Niacin. As its nicotinic acid alter ego, this B vitamin becomes powerful enough to lower high cholesterol levels. To do so, it must be prescribed in high doses (more than 1,000 milligrams), which can cause nicotinic acid flush -- an immediate redness and swelling of the face and neck, often accompanied by itching, headache, and nausea. This side effect lessens with use, but taking this supplement should be monitored by your doctor. Heartbeat abnormalities are more serious. People with diabetes are advised to stay away from high doses of nicotinic acid because it can raise blood sugar to dangerous levels.

Vitamin B6. This nutrient was once thought to be immune to toxicity. It took until the 1980s, when it became popular to take vitamin B6 supplements in ever larger amounts, to discover the upper limit of its safety. Here's what caused it to finally lose its cachet: nerve damage from doses as low as 500 milligrams a day, more commonly from amounts over 2,000 milligrams. Fortunately, the damage is reversible if the supplements are stopped at the first sign of tingly or numb extremities or trouble walking.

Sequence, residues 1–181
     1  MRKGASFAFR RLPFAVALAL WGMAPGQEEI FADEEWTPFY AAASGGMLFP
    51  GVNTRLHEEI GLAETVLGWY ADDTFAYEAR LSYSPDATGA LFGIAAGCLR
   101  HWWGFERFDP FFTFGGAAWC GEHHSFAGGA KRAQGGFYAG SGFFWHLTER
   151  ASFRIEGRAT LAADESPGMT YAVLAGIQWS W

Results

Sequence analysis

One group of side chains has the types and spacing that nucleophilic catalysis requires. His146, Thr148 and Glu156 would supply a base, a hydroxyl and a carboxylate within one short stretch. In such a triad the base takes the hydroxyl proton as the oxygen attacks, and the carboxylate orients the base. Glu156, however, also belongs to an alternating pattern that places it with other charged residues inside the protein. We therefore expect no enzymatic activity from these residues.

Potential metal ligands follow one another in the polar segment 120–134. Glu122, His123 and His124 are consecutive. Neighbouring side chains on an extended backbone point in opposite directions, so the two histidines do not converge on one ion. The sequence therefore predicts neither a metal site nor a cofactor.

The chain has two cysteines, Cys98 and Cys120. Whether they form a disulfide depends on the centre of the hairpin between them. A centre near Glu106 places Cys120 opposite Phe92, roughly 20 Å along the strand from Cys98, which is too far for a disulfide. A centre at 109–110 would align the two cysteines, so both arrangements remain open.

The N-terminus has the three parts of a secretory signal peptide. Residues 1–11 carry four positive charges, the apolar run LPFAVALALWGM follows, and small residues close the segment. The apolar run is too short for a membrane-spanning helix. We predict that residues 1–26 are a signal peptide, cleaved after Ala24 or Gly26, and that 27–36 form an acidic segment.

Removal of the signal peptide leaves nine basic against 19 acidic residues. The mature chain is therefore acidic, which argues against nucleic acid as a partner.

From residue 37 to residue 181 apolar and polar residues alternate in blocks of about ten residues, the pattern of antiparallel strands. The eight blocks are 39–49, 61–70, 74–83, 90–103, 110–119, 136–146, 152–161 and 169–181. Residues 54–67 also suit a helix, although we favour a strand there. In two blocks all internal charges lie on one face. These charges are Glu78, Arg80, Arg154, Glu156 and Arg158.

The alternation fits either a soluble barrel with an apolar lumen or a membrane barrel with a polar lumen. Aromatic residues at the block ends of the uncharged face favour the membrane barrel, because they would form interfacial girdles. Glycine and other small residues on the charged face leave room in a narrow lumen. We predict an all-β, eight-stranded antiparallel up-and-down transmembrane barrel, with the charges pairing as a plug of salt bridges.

Iron. Like vitamin A, this Jekyll-and-Hyde nutrient is on both lists. Many people don't get enough, but too much can be dangerous, too. You hear a lot more about having iron-poor blood than you do about iron overload (or hemochromatosis), which can develop in people who inherit a gene that causes the body to absorb too much iron. This potentially fatal condition threatens a surprisingly large number of people -- 1 in every 250 -- mostly men and postmenopausal women, because their iron needs are lowest. They are best off avoiding supplements with iron.